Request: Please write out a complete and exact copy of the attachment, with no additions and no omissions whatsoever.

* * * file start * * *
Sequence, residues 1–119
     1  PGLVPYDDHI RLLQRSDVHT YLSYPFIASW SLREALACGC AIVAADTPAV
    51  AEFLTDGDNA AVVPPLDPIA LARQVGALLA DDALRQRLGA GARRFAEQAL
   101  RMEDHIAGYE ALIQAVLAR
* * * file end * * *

Sequence, residues 1–119
     1  PGLVPYDDHI RLLQRSDVHT YLSYPFIASW SLREALACGC AIVAADTPAV
    51  AEFLTDGDNA AVVPPLDPIA LARQVGALLA DDALRQRLGA GARRFAEQAL
   101  RMEDHIAGYE ALIQAVLAR